Barling & Wakering Heritage - Foulness Island

History of Foulness Island

Extract from: the excellent ‘Heritage Guide’ by Rochford District Council


The island’s name derives from ‘Fulganaess’, the Old English for wild birds nest, and today the area remains a sanctuary to great colonies of wading birds, including oyster catcher, red shank, avocets and Brent geese.


The earliest known occupants of Foulness and the smaller islands were the Romano-British. Archaeological evidence tells us that a civilian settlement existed at Little Shelford in the south-west of the Island, this consisted of a cemetery where cremation urns were recovered, some with evidence of human remains inside. Archaeological excavation of the site has revealed that farming, fishing and in particular the cultivation of oysters was taking place, but it would appear the production of salt was the main industry in this area at this particular time. The pottery excavated gives us a date for occupation as the late first century AD. The site appears to be abandoned circa 280-230 AD due to the flooding caused by rising sea levels. The first recorded reference of sea walls on the Island was in “The Charter Rolls” for 1271 AD.


Foulness was originally shared between five mainland parishes: Rochford, Sutton, Little Wakering, Shopland, and Little Stambridge all in the Rochford Hundred. These parishes held detached rights on Foulness. The inhabitants had to pay tithes to those parishes on whose land they dwelt, this lasted until all the Islands’ tithes were commuted to money payment in 1847.


Archaeological evidence suggests that the first substantial quality domestic dwellings were constructed in the sixteenth century; however more recent archaeological excavation (2001-03) shows high status living existed on the Island in the fourteenth-fifteenth century. There appears to have been three major building phases on the Island: Mid-16th century, late 17th century - early 18th century, late 19th century - early 20th century. The first brick built dwellings were constructed in the early 18th century.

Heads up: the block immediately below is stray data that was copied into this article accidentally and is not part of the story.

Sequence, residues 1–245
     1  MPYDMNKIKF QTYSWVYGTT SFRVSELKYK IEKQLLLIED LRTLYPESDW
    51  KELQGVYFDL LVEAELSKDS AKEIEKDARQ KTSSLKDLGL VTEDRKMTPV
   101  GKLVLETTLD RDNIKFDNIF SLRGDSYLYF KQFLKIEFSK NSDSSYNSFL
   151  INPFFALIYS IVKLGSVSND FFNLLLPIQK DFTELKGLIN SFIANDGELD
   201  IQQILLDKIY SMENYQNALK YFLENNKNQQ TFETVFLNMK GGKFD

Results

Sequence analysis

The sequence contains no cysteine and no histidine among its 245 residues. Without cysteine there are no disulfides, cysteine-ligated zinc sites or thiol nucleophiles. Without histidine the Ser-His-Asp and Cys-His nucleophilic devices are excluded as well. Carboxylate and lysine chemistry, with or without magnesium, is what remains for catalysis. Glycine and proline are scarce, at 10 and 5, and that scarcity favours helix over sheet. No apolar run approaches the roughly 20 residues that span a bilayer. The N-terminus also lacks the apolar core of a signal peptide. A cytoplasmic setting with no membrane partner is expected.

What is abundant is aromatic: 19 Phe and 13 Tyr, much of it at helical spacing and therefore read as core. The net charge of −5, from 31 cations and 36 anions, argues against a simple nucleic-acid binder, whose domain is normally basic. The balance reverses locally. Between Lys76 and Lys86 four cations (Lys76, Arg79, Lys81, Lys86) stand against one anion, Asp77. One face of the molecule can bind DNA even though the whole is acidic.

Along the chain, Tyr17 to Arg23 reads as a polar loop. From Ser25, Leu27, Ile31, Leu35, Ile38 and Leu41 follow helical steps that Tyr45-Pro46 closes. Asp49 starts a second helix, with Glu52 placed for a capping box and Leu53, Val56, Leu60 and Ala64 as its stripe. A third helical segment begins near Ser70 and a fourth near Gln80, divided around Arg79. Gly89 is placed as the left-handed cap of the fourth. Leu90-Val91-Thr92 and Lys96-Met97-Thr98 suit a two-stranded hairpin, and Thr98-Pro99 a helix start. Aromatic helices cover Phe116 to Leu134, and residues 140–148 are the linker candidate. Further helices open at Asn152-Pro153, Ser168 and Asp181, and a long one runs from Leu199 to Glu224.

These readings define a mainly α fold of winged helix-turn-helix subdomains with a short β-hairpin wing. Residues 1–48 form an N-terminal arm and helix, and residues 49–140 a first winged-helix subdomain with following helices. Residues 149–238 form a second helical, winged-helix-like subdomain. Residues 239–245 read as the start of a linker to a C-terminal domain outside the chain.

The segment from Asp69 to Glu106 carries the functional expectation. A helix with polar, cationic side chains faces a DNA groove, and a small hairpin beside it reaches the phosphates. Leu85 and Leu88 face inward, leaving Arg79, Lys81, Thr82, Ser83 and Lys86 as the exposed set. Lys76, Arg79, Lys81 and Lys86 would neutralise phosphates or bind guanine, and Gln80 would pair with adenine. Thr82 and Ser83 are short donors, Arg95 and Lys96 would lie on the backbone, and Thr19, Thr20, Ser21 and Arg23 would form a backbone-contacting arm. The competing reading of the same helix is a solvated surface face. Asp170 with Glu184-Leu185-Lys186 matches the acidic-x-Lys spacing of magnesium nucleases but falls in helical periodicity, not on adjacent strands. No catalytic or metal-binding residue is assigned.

During the medieval period the Island was populated by shepherds and fishermen. Arable farming was taking place, but Foulness was well known for its dairy produce. The marshlands were ideal for grazing sheep and cheese, meat and ewe’s milk were in plentiful supply. The sheep also provided wool for the wool trade which was at its height in England during the medieval period.


The population began to increase in numbers from the sixteenth century due mainly to the development of arable farming on the island. During the seventeenth century Dutch names appear in the Parish registers. One theory put forward for this is they were leaving the lowlands to escape the protestant persecutions. By the late nineteenth century the population had risen to almost 800.

The church has played a leading role in relation to the moral development of Foulness over the past 720 years. In 1283 a chapel was built on the Island to serve the small community and in particular those who could not receive divine service in their own detached parish. The chapel was replaced during The Tudor period by a wooden church, which was in turn replaced by the present church St. Mary the Virgin in 1850.


In 1846 The Church of England Primary School was built to take 120 children, it was extended in 1872 to take a further 52 children. In 1988 the school became redundant due to the small number of children attending (11). The school remained empty for 13 years but after negotiations between Defence Estates and The Foulness Conservation and Archaeological Society it was renovated and is now “The Foulness Heritage Centre”. Foulness has seen some prominent Lords of the manor.


At the time of Domesday it was Suene, then Hubert de Burgh, followed by Sir John de Rochford, the De Bohuns, and the Rich Family. The manor became part of the estates owned by the Finch Family in 1688, when Daniel Finch 2nd Earl of Nottingham married Lady Essex Rich one of six coheirs of the Rich family. The manor remained in the Finch Family until the death of Alan Finch in 1910; it was his successor Wilfred Henry Montgomery Finch who sold the Lordship to the War Department on the 13th July 1915.

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